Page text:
If you do not configure a password with the user's login account, authentication is done only remotely, using a centralized RADIUS or TACACS+ authentication database, instead of locally based on the router configuration file. This type of account is analogous to a Unix account that has a * in the password field, which does not allow logins based on the password file but can allow logins based on other valid means of authentication, such as RADIUS. For this to work, you must change the authentication order so that RADIUS or TACACS+ is checked first (see Recipe 2.4), and you must configure the RADIUS or TACACS+ user authentication (see Recipes 2.12 and 2.13). Users with this type of account will not be able to log in to the router if the authentication server is down or if network problems occur when accessing the server.

You can also create a generic login account (see Recipe 2.8) or a group login account (see Recipe 2.9) instead of configuring individual accounts for each user. These types of accounts authenticate against the RADIUS or TACACS+ database. Here, too, you must change the authentication order so that RADIUS or TACACS+ is checked first (see Recipe 2.4), and you must configure the RADIUS or TACACS+ user authentication (see Recipes 2.12 and 2.13). Users with this type of account will not be able to log in to the router if the authentication server is not available.

This recipe configures a plain-text password for the user's authentication. The password must be at least six characters long and must contain at least one case or one letter-to-number change.(Recipe 2.6 explains how to modify the default password format.) Here, you type the plain-text-password keyword slightly differently than for some other JUNOS configuration statements. After you type plain-text-password, press Enter. The software then prompts you to type and then retype the password. Type the password in plain text, and the JUNOS management process, MGD, immediately encrypts it using SHA1 encryption by default. (To change the default encryption, see Recipe 2.7.) You then see only the encrypted version of the password. Notice that the keyword plain-text-password has changed to reflect the fact that the password is now encrypted:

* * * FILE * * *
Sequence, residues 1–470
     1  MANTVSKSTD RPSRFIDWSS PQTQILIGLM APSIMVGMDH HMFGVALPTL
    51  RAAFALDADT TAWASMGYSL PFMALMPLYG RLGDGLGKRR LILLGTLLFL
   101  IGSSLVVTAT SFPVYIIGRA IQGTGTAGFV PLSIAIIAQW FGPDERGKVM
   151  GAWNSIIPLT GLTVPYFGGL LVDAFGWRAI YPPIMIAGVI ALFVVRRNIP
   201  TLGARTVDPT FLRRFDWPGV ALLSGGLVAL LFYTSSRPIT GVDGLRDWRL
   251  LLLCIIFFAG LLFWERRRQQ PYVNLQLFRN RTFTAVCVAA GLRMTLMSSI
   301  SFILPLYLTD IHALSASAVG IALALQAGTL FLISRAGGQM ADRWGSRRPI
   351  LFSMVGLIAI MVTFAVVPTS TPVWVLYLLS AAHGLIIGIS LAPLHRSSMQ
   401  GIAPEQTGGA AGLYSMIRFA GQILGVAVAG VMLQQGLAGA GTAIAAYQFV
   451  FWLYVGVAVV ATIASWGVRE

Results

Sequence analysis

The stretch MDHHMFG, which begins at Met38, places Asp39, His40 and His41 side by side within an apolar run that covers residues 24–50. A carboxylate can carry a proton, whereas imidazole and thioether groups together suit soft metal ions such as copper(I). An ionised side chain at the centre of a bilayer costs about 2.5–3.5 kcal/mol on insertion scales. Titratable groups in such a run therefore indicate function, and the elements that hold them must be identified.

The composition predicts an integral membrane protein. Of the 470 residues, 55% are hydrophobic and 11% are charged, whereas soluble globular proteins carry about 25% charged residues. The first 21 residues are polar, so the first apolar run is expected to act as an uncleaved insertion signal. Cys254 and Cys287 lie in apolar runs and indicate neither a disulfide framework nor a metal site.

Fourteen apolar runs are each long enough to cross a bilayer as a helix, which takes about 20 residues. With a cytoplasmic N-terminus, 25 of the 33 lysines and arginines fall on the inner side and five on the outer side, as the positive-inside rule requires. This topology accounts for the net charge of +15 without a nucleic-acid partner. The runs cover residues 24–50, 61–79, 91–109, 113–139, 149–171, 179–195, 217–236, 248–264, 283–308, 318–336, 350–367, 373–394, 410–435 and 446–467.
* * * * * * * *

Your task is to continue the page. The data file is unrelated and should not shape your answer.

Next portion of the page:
encrypted-password "$1$bO1I/WUw$bfaYF0LHxHxVCm7XyS7eG."; ## SECRET-DATA

To insert a previously encrypted DES, MD5, SHA1, SSH Version 1 ( RSA), or SSH Version 2 ( DSA) password, cut and paste (or type) the encrypted password into the configuration statement, enclosing it in quotation marks. Here is an example of an encrypted MD5 password:

	aviva@router1# set user sage authentication encrypted-password
	"$1$EpZ4gDEb$52KHLKA2QuqfJ83tFUvWd1"

You can define both encrypted and SSH passwords for a single user:

	aviva@router1# show
	user sage {
	 authentication {
	 encrypted-password "$1$kfpFHEom$wrWWtk69gvdbWInzsoI0b."; ## SECRET-DATA
	 ssh-rsa "1024 35 1463306454911004878538350206193424119843602248584695395
	55532106068887517531015448370922784460860638276095178917479848571459866004412524
	44671184497730460934239780966471256093384818219663350688876263790111832271705295
	56264636153739986671412936949237931460389138872790447839157168037660941582648407
	66391853943503 sage@red.juniper.net"; ## SECRET-DATA
	 }
	}

For basic router security considerations, you should limit access to the router to only those people who really need access, and you should carefully consider which privileges each person is given, so that a person can perform his job function and responsibilities, and nothing more.

See Also

Recipes 2.4, 2.6, 2.7, 2.8, 2.9, 2.10, 2.12, and 2.13


Router Configuration and File Management

Basic Router Security and Access Control

IPSec

SNMP

Logging

NTP

Router Interfaces

IP Routing

Routing Policy and Firewall Filters

RIP

IS-IS

OSPF

BGP

MPLS

VPNs

IP Multicast



JUNOS Cookbook
Junos Cookbook (Cookbooks (OReilly))
ISBN: 0596100140
EAN: 2147483647
Year: 2007
Pages: 290
Authors: Aviva Garrett